The proliferation of mobile devices, and the expected 40% increase in spend on cloud across the Middle East in 2014 has opened up the market for storage that is cloud-based and can be accessed anywhere, anytime. This is largely driven by the explosion of digital content and the internet of things.
Organisations are on the hunt for simple, scalable and cost-effective ways to store and serve business-critical information securely over a network, and an efficient NAS service has the promise of powerful remote connectivity, with the option of extending usability.
Savitha Bhaskar, General Manager, Condo Protego, feels that scale-out NAS is the key to its evolution, “You have different solutions for scale-out NAS,” she says. “This is where the industry is evolving. It is changing and becoming more and more granular with the emergence of more purpose-built technologies depending on the type of NAS in question. You can now take things like video streaming and security images and VDIs and store that to a dedicated scale-out NAS solution instead of on the file server.”
NAS seemingly offers high flexibility in storing, sharing and accessing data, providing high convenience along the way. Modern NAS devices offer remote access to data, which effectively creates a personal cloud where data can often be accessed via desktop software or a mobile app. This can effectively amount to having a full server without a PC. Khalid Wani, Sales Director, Branded Business, Middle East, Africa and India, WD, sees the malleability of NAS as a key draw, “With NAS data can be centralised on a single point and multiple computing devices can then easily access this data regardless of whether they are PCs, smartphones or tablets,” he says. “NAS devices also offer flexibility in terms of storage capacity, so depending on how much storage you need and the level of data redundancy that you want, an appropriate NAS can be purchased.”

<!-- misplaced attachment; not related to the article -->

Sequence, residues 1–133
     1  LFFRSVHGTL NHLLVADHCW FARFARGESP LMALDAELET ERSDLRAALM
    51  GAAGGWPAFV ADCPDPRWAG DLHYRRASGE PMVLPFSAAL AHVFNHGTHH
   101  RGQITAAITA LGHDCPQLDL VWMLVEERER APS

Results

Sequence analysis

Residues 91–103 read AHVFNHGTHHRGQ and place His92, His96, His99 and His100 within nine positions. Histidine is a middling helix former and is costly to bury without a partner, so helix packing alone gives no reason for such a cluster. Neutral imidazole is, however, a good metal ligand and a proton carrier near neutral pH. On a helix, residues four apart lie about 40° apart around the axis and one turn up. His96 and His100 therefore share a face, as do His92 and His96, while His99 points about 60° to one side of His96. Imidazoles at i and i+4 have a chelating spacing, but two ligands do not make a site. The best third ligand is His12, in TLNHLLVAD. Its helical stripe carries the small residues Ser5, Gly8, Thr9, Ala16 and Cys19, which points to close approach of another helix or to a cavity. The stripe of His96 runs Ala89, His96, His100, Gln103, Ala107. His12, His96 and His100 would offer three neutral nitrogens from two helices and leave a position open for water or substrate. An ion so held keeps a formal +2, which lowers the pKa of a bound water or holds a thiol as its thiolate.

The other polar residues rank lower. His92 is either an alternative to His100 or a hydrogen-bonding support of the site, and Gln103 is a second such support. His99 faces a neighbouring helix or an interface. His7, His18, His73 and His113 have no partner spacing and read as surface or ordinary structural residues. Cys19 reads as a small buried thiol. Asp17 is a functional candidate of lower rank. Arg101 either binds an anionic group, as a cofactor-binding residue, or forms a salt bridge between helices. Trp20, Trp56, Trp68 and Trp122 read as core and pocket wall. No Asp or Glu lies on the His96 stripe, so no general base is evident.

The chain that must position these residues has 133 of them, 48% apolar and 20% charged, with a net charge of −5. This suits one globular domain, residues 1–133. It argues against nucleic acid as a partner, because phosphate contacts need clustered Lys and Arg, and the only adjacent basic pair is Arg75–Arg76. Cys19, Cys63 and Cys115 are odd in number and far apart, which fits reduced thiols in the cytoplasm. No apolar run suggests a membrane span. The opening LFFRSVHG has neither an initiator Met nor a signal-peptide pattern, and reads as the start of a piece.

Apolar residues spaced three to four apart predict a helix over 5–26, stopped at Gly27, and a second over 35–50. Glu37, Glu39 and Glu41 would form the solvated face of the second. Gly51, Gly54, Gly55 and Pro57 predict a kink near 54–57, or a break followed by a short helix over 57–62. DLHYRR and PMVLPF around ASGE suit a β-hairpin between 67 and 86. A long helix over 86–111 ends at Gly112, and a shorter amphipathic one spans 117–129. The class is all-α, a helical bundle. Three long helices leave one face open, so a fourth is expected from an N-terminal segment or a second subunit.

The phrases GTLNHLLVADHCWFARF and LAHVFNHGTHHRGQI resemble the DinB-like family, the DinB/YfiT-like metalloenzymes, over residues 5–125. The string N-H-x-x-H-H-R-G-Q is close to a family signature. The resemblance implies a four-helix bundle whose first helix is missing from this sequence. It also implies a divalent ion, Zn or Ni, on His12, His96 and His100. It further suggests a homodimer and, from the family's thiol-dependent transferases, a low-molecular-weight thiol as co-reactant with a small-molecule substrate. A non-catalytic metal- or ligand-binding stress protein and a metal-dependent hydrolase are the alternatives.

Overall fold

Ayman Al-Ajouz, Sales Manager, MENA, Seagate, believes the high performance of NAS devices means they can effortlessly slot into an organisation’s IT framework, “Today there are special HDDs built for small business servers, backup servers, and central storage systems, which are rigorously tested to provide industry-leading capabilities for small 1-5 bay NAS systems,” he says. “These are engineered for high performance even when several applications are open at the same time; NAS HDDs also support multiple HD video streams and user profiles. Additionally, they have near silent-acoustics, ensuring that the office environment is not affected by loud noises whenever the NAS HDD is in operational mode.”